Burning the Furniture; Steve Miller

By Naughton, Keith | Newsweek International, October 24, 2005 | Go to article overview

Burning the Furniture; Steve Miller


Naughton, Keith, Newsweek International


Byline: Keith Naughton

Steve Miller, CEO of newly bankrupt U.S. car-parts maker Delphi Corp., has always known how to cut the tension in difficult situations. Last month, with Delphi in feverish (and ultimately fruitless) negotiations for a bailout from General Motors, Miller found himself sitting beside GM CEO Rick Wagoner at an executive confab in Washington. Miller's BlackBerry buzzed. It was a flaming e-mail from an employee. "You are a rapist and a pillager and a thief of the working man's rights," it read, "and may you rot in hell." Miller showed it to Wagoner, saying: "Hey Rick, this one's for you."

His gallows humor aside, what Miller has to say is no laughing matter. The corporate fireman behind bankruptcies at Bethlehem Steel and United Airlines is loudly proclaiming an uncomfortable truth: America's industrial giants are collapsing under the weight of pension and health-care costs. Spun off from GM in 1999, Delphi is losing billions because its hourly labor costs are at least three times as high as its domestic rivals'. Then there's the flood of cheap offshore car parts that will likely lead Miller to close several factories making commodity parts. "Paying $65 an hour for someone mowing the lawn at one of our plants," he says, "is just not going to cut it." NEWSWEEK's Keith Naughton sat down with Miller to discuss the wider implications of Delphi's bankruptcy. Excerpts:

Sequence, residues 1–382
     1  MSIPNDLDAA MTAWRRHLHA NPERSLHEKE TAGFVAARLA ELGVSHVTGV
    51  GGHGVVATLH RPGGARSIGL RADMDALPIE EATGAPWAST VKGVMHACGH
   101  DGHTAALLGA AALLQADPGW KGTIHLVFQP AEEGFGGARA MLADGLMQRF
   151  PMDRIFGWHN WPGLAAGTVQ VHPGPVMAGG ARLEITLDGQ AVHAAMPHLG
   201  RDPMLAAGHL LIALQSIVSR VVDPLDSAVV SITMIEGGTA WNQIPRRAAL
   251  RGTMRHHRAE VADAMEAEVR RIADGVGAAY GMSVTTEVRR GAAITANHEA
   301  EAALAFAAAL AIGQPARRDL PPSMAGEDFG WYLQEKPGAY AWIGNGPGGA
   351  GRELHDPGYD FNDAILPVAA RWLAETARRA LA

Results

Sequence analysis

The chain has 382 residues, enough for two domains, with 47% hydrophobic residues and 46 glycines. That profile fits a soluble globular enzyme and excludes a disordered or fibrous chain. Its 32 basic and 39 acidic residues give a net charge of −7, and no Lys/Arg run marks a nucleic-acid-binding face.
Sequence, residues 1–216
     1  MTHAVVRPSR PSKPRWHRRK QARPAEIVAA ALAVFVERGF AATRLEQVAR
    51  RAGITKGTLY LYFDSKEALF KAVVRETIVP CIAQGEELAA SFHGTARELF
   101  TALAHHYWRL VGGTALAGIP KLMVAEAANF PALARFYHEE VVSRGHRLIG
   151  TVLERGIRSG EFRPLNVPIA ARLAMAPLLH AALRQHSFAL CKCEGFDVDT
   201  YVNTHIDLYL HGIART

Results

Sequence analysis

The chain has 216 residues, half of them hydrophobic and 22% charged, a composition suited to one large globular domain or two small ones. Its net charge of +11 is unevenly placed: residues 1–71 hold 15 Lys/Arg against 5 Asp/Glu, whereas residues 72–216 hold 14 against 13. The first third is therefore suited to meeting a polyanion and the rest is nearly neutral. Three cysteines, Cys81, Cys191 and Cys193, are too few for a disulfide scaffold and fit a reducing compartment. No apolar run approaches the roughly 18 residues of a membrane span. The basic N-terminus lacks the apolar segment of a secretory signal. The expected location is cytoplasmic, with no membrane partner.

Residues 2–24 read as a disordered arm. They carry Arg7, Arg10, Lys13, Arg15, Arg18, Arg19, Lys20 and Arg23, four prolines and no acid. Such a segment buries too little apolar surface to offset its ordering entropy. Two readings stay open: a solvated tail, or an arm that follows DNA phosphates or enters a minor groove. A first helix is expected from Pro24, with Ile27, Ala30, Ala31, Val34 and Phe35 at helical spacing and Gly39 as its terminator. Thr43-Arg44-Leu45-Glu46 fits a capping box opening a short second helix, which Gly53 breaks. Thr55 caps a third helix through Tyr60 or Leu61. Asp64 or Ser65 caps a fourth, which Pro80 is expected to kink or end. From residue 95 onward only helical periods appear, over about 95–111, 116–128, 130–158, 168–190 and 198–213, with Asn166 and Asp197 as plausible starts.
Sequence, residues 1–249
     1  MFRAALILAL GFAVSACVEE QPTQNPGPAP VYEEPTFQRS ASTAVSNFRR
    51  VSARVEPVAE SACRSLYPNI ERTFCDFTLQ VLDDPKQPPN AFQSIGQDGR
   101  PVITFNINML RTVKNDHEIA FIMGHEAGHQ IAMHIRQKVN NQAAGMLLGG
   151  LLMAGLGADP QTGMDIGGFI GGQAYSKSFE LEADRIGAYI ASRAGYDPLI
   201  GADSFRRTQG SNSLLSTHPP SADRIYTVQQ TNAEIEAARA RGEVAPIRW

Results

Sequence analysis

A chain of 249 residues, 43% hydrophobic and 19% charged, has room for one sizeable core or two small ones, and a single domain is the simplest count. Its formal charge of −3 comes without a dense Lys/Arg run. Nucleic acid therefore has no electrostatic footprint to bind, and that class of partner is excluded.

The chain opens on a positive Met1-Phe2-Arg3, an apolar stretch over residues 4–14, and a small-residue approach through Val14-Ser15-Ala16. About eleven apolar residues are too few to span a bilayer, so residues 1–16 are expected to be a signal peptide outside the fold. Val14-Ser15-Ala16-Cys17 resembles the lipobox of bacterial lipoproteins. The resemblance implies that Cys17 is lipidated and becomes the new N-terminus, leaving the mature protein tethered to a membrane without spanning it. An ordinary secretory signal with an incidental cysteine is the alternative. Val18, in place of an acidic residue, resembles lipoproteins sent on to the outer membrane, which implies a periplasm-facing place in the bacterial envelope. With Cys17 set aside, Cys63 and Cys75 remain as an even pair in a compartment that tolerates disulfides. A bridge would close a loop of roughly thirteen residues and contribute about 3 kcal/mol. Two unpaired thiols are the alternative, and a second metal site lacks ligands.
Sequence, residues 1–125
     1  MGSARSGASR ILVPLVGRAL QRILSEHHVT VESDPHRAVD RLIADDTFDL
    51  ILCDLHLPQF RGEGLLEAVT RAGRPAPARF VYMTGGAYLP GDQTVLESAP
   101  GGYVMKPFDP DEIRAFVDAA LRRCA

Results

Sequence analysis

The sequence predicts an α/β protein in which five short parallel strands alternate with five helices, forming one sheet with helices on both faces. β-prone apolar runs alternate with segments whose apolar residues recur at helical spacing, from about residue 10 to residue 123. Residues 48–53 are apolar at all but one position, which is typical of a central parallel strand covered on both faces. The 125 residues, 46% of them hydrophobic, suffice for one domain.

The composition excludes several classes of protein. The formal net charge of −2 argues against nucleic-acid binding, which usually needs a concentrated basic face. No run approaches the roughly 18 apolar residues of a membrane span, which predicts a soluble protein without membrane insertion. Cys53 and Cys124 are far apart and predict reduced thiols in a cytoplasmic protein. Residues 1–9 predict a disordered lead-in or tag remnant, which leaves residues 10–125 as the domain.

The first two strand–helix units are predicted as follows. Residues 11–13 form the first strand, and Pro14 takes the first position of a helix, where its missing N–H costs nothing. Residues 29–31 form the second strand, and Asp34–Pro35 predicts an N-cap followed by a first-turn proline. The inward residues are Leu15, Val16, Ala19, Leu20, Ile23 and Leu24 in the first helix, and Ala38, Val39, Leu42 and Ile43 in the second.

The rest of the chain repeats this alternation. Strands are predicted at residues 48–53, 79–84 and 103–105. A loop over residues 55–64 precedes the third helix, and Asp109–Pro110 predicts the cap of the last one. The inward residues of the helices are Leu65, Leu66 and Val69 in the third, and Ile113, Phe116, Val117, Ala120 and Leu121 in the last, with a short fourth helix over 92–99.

NAUGHTON: What does Delphi's bankruptcy mean for Detroit's automakers?

MILLER: This is very much a test case for what may happen across the whole U.S. auto industry. The labor-cost issues that have driven us to exhaust our financial resources are also very much on the minds of the traditional Big Three manufacturers here in Detroit. At General Motors, they basically have declared they can't take it anymore; that's why they have been so focused on health care. This is a prelude to what's coming in 2007 contract talks with the United Auto Workers.

How much of a problem are health-care and pension costs for Detroit?

They have roughly $2,500 per car of labor-cost disadvantage with their foreign competitors. That's just not sustainable.

Could that bankrupt GM and Ford?

Oh, yes. If Ford and GM are unable to modify their labor contracts, then they are very much at risk of spiraling down into an ultimate bankruptcy.

How does this compare to Bethlehem Steel's bankruptcy?

What I saw at Bethlehem Steel was a company that for 20 years continued to "burn the furniture" by selling assets to keep feeding the ever-growing legacy liability instead of putting it back into the business. …

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